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HP's Critical Facilities Implementation Service Helps Plan Data Center Development

HP introduced a new service Tuesday that helps enterprises plan, design and build new data center capacity. The HP Critical Facilities Implementation (CFI) service is designed to simplify the design and project management of data center construction by providing everything from a single vendor.

Despite all of the attention paid to cloud computing--the model in which businesses and enterprises have their computing needs provided by a third-party public cloud provider--many companies still need to develop their own data centers. Whether they build their own data center or access the computing assets of a third-party provider, "that facility's got to be built somewhere," says Rick Einhorn, director of worldwide critical facilities services at HP.

In a Gartner survey from April 2010, 46 percent of respondents reported that they will build one or more new data centers in the next two years, and 54 percent expected that they will need to expand an existing data center in that time frame. Given that HP has developed 50 million square feet of raised floor data center space of its own in recent years--including both "greenfield" development of brand new centers as well as retrofit projects--the company has the experience at data center projects to provide advice to its own customers.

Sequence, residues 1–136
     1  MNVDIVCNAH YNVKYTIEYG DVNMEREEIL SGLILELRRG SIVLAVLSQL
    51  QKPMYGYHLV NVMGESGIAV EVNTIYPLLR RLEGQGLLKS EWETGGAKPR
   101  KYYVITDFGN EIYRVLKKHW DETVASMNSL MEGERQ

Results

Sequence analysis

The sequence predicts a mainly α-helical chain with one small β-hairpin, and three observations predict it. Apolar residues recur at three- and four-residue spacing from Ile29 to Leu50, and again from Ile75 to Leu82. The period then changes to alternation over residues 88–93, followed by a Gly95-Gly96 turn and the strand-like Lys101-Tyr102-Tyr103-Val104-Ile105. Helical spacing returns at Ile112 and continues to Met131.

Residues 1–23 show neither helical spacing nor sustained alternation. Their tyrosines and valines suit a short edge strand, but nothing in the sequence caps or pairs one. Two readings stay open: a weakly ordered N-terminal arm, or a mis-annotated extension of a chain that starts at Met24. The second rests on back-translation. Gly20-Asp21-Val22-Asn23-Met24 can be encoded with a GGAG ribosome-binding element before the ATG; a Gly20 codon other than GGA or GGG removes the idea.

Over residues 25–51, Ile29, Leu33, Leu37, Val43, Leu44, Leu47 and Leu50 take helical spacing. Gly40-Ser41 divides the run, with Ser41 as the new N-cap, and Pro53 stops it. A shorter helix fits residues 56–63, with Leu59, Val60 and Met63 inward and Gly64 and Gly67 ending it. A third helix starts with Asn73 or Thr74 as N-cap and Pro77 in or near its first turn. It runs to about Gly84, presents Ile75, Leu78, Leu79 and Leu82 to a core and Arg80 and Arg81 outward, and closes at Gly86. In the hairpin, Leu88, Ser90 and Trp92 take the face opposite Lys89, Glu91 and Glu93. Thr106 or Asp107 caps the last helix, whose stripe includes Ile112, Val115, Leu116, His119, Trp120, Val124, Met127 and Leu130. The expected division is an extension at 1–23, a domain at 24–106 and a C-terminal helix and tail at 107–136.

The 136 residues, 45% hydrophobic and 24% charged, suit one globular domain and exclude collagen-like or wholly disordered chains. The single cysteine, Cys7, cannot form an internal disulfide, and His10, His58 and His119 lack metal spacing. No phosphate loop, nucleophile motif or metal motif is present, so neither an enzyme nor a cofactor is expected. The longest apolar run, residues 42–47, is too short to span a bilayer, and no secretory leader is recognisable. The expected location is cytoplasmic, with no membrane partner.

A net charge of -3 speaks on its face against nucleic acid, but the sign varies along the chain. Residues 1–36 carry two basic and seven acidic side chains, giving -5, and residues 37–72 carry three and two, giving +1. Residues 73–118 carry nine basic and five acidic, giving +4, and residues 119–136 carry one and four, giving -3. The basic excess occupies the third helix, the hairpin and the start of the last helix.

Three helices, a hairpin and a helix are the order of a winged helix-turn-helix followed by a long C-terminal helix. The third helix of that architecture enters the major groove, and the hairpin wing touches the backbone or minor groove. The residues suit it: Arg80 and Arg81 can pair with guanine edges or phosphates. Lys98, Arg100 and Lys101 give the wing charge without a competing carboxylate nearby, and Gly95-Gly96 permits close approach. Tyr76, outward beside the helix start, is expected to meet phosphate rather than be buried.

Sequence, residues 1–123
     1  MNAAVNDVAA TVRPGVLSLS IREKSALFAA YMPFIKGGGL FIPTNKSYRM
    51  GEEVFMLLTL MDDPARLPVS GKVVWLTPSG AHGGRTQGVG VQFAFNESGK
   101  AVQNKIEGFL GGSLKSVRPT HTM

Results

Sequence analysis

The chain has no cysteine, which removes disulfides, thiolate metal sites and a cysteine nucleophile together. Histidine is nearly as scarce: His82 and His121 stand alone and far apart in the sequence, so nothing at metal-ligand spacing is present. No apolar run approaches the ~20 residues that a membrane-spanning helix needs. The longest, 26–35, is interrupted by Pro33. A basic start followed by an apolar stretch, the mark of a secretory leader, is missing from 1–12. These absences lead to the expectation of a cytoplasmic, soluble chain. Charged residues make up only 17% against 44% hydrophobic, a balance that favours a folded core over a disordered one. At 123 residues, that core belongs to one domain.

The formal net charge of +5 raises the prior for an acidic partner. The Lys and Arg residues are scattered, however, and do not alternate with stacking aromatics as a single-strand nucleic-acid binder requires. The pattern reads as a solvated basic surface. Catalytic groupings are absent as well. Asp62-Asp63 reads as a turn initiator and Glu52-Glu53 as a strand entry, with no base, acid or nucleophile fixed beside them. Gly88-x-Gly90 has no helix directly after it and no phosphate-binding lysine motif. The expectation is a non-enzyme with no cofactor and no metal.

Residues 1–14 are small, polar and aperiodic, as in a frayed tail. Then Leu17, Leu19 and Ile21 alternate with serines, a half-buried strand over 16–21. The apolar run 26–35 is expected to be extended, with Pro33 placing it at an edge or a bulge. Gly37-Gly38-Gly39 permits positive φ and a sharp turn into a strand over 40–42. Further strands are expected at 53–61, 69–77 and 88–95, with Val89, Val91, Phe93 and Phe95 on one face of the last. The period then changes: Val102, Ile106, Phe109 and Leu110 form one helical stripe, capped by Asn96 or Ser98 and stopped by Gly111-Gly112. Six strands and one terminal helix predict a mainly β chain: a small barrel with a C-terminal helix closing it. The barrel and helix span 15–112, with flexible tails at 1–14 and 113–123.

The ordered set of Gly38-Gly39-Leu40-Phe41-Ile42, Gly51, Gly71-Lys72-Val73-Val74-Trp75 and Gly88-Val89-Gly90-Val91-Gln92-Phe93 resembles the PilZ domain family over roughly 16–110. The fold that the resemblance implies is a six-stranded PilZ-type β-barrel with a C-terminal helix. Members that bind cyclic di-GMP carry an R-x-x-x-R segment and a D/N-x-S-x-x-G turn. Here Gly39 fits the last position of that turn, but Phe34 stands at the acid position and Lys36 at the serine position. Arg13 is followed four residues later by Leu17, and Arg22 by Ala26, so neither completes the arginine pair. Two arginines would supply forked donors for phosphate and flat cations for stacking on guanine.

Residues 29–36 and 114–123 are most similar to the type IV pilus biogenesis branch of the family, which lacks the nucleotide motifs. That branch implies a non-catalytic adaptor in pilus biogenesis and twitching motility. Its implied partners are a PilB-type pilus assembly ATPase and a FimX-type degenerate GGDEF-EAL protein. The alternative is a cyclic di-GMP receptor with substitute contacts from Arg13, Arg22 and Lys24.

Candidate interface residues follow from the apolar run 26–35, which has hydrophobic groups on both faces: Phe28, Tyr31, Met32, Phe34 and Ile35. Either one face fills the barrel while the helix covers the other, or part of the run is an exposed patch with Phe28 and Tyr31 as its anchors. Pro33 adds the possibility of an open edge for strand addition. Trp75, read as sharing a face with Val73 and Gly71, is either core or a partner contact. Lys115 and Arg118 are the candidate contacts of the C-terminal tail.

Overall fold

Elements of HP's CFI service include end-to-end project management, planning that is customized to the client's specific data center needs and experience in energy-efficient data center development. HP has built both LEED-certified and LEED GOLD-certified data centers. LEED stands for the Leadership in Energy and Environmental Design certification program established by the third-party U.S. Green Building Council.

The HP Critical Facilities Services business grew out of an acquisition by HP of EYP Mission Critical Facilities, says Einhorn, who was president of EYP at the time. Its specialties were data center consulting, testing and operations services, and it mainly did business in North America and Western Europe.

During the recent recession, data center construction spending fell by 40 percent, he says, but HP took the opportunity to expand globally into emerging markets in Asia such as India and China, and also expanded into planning and management of actual construction projects. That includes designing and building the data center and deciding what equipment needs to be installed to meet the business needs of the customer and maximize cost-efficiency. "Building a data center is like building a computer," Einhorn says.

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